USACE deploys turbidity sensors in Lake Erie

Last week, seven turbidity sensors were deployed in Lake Erie near Fairport Harbor, Ohio, the USACE Buffalo District said.


These sensors will monitor turbidity, or the clarity of the water based on suspended sediment, to help improve opportunities for aquatic beneficial use of dredge material throughout the Great Lakes.

This effort is taking place through a research partnership between the Buffalo District, U.S. Army Corps of Engineers, Detroit District, and the U.S. Army Engineer Research and Development Center (ERDC) Environmental and Coastal Hydraulics laboratories.

USACE photo

Dredging involves the periodic removal of accumulated bottom sediments from waterways.

In the Great Lakes this is usually done to maintain adequate water depths for safe and efficient navigation of vessels. Dredging is done also to enlarge or deepen existing navigation channels and recreational harbors.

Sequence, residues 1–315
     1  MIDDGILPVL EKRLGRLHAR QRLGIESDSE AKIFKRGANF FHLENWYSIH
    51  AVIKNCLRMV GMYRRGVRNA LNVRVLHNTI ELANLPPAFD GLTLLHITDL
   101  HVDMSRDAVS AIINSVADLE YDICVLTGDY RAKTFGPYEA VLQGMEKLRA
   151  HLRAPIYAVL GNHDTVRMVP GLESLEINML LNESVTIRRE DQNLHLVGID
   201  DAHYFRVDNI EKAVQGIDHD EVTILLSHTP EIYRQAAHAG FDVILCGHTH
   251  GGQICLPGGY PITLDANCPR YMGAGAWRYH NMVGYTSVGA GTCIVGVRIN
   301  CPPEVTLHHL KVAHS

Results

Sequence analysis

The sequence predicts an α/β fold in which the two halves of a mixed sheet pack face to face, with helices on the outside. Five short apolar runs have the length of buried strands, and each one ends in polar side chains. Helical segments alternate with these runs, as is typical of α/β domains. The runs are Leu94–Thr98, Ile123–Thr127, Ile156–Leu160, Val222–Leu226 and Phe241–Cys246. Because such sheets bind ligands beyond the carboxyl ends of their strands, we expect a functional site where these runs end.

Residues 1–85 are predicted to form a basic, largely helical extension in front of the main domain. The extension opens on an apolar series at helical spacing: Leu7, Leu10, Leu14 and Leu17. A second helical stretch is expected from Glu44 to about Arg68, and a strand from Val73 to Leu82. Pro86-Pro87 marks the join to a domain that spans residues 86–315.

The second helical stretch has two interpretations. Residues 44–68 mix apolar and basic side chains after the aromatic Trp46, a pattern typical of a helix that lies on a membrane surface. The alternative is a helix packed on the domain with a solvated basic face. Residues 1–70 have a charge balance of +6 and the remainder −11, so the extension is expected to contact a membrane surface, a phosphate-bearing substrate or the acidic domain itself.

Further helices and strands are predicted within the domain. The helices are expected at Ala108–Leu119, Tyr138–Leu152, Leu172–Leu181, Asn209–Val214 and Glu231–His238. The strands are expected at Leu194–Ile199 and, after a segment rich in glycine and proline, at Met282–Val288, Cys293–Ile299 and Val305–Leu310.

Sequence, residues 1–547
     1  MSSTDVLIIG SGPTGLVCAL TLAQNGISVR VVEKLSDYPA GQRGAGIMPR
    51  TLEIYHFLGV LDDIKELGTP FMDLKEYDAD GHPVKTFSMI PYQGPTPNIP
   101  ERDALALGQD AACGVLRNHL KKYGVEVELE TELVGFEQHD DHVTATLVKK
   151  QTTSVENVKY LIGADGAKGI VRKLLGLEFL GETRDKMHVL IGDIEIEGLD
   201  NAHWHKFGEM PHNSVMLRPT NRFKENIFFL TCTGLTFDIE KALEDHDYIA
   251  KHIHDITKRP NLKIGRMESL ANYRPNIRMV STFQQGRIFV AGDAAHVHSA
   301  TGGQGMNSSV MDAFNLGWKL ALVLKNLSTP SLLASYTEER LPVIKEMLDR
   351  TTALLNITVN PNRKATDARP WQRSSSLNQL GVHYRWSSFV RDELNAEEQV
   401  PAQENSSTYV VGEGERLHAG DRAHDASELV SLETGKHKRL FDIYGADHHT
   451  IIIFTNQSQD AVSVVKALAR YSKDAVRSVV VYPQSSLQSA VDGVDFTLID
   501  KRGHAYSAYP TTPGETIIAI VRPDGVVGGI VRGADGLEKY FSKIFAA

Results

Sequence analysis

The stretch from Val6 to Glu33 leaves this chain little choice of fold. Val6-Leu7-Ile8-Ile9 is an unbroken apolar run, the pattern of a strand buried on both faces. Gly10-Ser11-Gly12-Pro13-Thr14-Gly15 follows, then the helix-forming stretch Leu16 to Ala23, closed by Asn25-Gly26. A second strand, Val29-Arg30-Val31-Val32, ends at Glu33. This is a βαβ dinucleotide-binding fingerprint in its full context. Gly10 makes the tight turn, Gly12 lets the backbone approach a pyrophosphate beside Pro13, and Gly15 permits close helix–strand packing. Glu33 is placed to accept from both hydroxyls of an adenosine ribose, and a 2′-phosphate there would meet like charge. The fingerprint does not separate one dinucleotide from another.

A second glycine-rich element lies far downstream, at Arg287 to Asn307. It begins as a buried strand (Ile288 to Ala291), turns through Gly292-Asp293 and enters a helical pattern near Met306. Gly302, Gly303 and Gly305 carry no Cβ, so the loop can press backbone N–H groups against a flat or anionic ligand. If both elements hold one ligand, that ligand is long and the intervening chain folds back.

The U.S. Army Corps of Engineers is authorized to maintain more than 130 navigation-related projects in the Great Lakes, nearly all of them commercial and recreational harbors and navigation channels.

Many of these projects require periodic dredging. Sometimes dredging is also necessary for waterfront construction, utilities placement and cleanup of contaminated sediments.

Much of Great Lakes dredging is undertaken in response to soil erosion and sedimentation from rivers and streams.

Efforts to control soil erosion and sedimentation from land uses around the Great Lakes are on the rise and may help reduce overall dredging needs.